We are a bit biased, but we (and many, many others) consider Colorado to be home to both the best tasting water in the country AND some of the best tasting beer. Is it just a coincidence? The answer is no! Although hops, barley, and yeast get all the attention, water is actually the main ingredient in beer.
Many times brewers will ignore the quality of water used in their brewing process because they prefer to use what is most readily available and affordable. But, whether these brewers realize it or not, the quality, mineral composition and overall acidity of the water they use will bring out certain flavors in the beer. This is why some parts of the world are known for certain styles of beer. For example: Munich is known for dark and malty lagers and states in the Midwest are known for producing Pilsener-like lagers.
Before selecting the brewing water for your next batch, here are the three most important words in brew water vocabulary: pH, alkalinity, and softness.
pH is a numeric scale used to specify the acidity or basicity of an aqueous solution, or in this case, water. The scale runs from 0 to 14. If your water is located lower on the scale, it is more acidic and generally softer. If it is located higher on the scale, it is harder, or alkaline. Pure water is considered neutral—located right in the middle of the scale—with a pH of 7. However, due to environmental impact and plumbing, most water is not pure and is rarely ever at this actual level. So how does this affect your next batch of brew?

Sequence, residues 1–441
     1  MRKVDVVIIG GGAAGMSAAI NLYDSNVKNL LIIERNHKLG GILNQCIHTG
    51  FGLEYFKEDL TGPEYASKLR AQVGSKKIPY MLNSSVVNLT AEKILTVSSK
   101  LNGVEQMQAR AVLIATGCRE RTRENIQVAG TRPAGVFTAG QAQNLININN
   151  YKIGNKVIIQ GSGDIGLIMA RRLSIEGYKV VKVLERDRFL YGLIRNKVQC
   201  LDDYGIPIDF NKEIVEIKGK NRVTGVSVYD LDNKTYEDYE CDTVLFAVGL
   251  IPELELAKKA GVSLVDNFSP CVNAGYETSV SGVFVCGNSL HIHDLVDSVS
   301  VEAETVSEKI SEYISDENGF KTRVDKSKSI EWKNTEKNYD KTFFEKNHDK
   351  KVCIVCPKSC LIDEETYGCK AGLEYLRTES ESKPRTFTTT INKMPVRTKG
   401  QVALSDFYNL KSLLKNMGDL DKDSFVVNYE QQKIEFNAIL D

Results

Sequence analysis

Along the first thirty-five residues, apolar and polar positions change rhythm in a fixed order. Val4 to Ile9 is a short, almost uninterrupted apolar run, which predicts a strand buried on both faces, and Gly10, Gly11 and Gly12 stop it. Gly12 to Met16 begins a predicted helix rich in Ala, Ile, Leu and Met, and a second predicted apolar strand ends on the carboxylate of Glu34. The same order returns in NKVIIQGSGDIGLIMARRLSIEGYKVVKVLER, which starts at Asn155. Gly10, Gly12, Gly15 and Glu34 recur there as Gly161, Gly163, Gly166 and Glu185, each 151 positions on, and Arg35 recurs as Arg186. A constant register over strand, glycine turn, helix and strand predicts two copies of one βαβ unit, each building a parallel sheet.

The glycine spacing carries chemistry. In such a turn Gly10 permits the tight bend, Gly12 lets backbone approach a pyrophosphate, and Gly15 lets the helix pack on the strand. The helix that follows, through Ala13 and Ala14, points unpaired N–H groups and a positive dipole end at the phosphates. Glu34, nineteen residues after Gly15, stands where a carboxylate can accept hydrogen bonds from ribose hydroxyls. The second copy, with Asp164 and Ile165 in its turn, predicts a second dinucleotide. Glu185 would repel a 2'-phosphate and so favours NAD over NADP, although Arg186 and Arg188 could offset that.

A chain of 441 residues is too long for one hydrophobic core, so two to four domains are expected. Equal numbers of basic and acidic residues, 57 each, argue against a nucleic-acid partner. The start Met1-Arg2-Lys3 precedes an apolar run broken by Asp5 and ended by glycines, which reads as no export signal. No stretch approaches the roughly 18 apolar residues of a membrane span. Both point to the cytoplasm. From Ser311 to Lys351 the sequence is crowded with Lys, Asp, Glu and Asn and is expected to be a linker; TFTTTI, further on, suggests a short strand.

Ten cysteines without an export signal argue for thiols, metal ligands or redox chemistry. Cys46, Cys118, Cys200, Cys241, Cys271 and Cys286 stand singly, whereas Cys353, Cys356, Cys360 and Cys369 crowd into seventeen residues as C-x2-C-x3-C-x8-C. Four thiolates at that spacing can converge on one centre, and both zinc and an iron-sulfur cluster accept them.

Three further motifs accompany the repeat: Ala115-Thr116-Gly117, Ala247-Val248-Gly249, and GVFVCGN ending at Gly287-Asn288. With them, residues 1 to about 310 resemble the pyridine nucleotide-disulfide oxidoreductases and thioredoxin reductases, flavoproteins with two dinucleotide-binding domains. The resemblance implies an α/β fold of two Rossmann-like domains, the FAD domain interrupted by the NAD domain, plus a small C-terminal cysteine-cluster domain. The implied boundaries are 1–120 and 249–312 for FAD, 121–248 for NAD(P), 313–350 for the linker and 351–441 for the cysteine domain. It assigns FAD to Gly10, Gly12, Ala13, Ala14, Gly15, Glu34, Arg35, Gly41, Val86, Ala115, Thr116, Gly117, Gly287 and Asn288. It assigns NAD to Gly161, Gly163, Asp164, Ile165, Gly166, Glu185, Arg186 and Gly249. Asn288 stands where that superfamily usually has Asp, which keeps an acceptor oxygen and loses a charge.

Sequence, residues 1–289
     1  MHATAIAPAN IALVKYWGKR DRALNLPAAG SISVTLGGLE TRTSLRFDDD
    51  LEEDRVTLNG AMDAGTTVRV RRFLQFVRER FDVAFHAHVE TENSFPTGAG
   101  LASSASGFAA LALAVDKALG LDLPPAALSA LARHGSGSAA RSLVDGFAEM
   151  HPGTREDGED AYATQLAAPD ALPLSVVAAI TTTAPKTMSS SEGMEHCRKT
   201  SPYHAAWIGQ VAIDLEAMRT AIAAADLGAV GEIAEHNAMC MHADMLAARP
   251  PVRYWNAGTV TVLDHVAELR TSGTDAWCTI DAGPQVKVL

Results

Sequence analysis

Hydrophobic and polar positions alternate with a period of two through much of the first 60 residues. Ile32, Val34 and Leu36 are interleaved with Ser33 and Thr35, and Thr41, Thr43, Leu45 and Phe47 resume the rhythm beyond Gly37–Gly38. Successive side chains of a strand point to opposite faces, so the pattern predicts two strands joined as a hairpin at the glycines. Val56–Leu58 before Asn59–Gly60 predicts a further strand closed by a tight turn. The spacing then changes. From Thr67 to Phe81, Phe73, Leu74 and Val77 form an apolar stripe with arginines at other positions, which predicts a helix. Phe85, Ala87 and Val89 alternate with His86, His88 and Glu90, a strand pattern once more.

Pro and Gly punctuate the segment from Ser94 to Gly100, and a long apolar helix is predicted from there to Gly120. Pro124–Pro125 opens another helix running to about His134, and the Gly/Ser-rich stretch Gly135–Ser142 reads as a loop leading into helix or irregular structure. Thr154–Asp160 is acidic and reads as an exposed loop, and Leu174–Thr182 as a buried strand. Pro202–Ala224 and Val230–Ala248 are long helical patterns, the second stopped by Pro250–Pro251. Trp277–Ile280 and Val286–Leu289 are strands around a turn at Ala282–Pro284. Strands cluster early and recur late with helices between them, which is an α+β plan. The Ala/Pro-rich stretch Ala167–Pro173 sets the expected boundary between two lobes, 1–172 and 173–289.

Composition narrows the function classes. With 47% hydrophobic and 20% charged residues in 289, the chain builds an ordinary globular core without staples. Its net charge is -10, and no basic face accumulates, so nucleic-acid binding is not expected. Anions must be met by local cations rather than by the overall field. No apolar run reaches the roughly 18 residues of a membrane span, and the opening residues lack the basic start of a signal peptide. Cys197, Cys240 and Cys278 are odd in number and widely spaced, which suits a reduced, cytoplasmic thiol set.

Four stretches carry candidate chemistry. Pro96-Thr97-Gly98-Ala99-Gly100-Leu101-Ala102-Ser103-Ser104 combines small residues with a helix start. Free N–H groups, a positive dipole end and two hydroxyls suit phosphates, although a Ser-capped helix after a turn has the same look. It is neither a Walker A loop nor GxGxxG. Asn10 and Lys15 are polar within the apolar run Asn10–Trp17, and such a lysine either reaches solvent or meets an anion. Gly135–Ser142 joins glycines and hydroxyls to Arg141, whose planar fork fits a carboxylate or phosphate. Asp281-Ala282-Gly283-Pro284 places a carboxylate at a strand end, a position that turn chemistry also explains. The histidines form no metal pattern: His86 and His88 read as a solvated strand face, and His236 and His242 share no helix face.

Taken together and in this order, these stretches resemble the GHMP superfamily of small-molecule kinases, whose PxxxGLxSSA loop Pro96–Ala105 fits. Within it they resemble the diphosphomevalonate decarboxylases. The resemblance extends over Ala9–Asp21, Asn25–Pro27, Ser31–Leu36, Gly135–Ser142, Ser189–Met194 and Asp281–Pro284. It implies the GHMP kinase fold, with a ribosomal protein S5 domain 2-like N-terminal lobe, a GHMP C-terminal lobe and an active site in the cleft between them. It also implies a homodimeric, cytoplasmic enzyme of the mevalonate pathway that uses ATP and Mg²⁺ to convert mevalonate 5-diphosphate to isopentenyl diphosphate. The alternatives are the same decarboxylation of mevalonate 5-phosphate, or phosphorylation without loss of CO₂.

If water is hard, this means it has a greater amount of dissolved minerals in it. The taste of these different minerals contribute to different styles of beer. For example, calcium chloride can give beer a more full-bodied flavor and a slight sweetness, while calcium sulfate can cause dry, slightly astringent, and crisp characteristics that are best suited to lighter to medium-bodied ales.
If your water is soft or more acidic on the pH scale, you should consider yourself very lucky! Your water has a very low amount of dissolved minerals. This is a rare quality and this water lends itself to almost any style of beer you choose. Because it is much more difficult to take away hardness in water, soft water has the ability to be morphed into whatever mineral cocktail you prefer! Add in calcium carbonate or magnesium, or you can simply leave as is for a beautiful tasting, light, lager style beer.
So there you have it; a crash course in brew water chemistry! We invite all the brewers out there to visit our water analysis page for an in-depth look at our water’s mineral makeup. If you are interested in using our water for your commercial beer brewing equipment, give us a shout. We would be happy to help—as long as we get to taste the final product! Cheers!